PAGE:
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Antelope

Beat up punk

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Antelope
Friday, March 16, 6 p.m.
Chaz's Bull City Records, Durham
Free
Kings, Raleigh
With Des Ark and Powers

Antelope
  • Antelope

If you're familiar at all with the history of Washington, D.C., punk label Dischord Records, you know that it's not a time capsule. Sure, the label's back catalogue is lined with the biggest names in hardcore and beyond: Minor Threat, Red C, Rites of Spring, Dag Nasty, Jawbox, Nation of Ulysses, Fugazi. But the past few years have often found Dischord at the helm of a D.C. pop fest of sorts. Check Ian MacKaye's latest band, The Evens: A duo with drummer Amy Farina, The Evens run counter to Minor Threat but parallel to another current D.C. pop duo, Soccer Team. El Guapo, who released two albums on Dischord earlier this decade, were an electronic-based punk dance party in waiting.

The first few seconds of Antelope's Reflector, then, are a surprise if you only know Dischord in the most general sense: There's no hardcore ranting, no chugging chords and no intense overdrives. But there are two guitars, interlocking in burbling, contemplative harmony. There is no sloganeering, no political misanthropy, no straight-edge pleading. But there are lyrics about self-reflection. Antelope—the new trio from ex-El Guapo guitarist Justin Moyer—is a staple of the evolving Dischord meme. But, like most of the Dischord pop bands, they share punk's embrace of directness and concision. The songs on Reflector, recorded with MacKaye last year, are short and tight, getting in and getting out without worry for the bells and whistles. As quirks go, though, there is an off-kilter funk that defines their spare sound.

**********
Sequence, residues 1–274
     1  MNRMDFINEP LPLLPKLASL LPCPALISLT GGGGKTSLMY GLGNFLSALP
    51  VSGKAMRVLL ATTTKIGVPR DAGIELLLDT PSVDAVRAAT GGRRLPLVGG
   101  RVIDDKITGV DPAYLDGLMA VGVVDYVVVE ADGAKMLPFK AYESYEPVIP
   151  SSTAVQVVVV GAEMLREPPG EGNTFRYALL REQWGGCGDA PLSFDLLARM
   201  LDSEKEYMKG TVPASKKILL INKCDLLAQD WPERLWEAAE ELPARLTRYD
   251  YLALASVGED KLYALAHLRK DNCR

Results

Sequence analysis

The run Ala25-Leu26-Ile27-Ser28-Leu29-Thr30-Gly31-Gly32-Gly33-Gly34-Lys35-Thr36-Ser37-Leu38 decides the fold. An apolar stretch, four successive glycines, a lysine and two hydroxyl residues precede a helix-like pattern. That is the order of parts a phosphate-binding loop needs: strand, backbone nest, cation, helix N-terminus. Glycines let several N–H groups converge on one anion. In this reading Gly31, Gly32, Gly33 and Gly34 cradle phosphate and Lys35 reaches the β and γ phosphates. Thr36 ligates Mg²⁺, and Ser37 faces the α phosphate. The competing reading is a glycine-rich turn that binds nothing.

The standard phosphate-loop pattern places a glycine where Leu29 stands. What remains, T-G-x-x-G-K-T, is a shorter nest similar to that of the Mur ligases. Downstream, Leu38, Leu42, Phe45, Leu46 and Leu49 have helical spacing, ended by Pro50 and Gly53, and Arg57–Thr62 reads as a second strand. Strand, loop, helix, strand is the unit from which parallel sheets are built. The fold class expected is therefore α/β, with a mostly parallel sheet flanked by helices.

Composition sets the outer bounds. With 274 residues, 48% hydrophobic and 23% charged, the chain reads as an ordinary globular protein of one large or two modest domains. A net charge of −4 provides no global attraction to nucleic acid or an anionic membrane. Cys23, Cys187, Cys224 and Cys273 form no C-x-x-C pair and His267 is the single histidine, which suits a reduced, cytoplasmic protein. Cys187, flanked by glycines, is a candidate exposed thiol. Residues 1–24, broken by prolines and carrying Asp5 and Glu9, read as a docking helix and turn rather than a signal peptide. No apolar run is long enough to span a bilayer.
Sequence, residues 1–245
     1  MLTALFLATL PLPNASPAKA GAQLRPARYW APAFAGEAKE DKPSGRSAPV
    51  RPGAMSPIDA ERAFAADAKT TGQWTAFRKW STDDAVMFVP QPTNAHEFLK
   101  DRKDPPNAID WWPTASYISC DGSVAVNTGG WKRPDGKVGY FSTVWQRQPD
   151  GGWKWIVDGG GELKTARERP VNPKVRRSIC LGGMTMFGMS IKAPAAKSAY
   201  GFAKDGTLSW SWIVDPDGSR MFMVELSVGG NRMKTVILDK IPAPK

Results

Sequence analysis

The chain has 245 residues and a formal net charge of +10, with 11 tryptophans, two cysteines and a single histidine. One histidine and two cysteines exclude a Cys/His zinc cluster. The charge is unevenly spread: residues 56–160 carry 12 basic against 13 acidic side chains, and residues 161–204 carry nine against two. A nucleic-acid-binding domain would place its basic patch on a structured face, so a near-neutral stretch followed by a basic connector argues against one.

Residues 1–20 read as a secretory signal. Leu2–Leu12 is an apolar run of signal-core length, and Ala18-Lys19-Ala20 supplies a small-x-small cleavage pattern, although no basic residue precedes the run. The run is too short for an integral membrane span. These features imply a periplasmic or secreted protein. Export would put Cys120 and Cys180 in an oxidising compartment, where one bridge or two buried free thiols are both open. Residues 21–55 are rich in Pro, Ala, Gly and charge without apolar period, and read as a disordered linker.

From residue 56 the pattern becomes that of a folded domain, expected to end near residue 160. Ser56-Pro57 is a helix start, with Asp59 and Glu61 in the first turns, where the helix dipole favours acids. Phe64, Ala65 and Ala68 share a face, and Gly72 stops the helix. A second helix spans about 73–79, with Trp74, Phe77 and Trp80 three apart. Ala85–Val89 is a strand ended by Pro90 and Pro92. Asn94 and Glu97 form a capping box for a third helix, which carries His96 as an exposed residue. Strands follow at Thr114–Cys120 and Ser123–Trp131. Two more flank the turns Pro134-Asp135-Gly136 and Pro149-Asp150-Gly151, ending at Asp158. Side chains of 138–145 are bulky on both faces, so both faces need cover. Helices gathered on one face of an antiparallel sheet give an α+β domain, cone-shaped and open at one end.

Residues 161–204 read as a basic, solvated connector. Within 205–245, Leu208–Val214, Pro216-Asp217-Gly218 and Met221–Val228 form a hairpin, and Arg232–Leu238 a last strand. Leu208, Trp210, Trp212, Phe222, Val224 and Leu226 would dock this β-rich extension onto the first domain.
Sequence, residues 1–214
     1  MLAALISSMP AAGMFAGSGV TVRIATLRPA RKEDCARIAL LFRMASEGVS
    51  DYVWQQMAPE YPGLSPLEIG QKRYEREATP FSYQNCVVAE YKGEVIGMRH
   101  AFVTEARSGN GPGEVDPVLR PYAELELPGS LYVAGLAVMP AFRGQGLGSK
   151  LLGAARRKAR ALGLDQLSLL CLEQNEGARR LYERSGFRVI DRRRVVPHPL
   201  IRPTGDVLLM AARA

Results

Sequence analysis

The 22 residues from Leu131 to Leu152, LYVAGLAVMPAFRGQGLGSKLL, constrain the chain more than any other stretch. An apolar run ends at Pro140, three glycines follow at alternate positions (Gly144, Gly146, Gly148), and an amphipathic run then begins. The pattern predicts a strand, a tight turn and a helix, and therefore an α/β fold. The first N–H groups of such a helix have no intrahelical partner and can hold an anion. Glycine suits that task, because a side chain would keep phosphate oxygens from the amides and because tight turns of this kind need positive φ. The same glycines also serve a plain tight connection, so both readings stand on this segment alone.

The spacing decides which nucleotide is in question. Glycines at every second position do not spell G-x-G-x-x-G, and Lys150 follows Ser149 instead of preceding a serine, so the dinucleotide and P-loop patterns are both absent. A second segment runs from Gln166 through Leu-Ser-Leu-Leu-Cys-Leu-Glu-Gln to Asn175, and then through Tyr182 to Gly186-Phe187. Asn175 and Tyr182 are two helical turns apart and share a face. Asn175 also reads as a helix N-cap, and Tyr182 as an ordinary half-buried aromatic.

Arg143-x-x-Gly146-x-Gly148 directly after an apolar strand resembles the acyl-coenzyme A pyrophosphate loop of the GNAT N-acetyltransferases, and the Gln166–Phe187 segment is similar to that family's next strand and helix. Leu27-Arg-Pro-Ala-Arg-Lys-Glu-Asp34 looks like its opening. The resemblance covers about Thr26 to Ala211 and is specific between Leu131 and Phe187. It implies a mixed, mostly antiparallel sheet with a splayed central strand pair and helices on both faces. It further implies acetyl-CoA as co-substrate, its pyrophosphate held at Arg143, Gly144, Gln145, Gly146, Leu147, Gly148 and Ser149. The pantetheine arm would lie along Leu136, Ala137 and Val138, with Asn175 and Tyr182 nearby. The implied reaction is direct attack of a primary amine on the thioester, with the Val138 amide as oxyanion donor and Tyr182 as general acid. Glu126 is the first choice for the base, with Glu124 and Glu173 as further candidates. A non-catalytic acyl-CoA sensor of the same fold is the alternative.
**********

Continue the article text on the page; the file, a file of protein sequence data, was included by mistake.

"We write from the beat up," explains Bee Elvy, who shares bass and drum duties with Mike Andre. This is sometimes done collectively and sometimes individually ("a very 'composerly' process," says Elvy), but no matter what, each short, sharp song begins with a well-devised rhythm. It's a different approach for Dischord, but Elvy says he's glad to offer it for a label that's already done so much: "I love the Dischord sound, I grew up on it. I think we're the rhythm-based alternative to the Dischord guitar sound."

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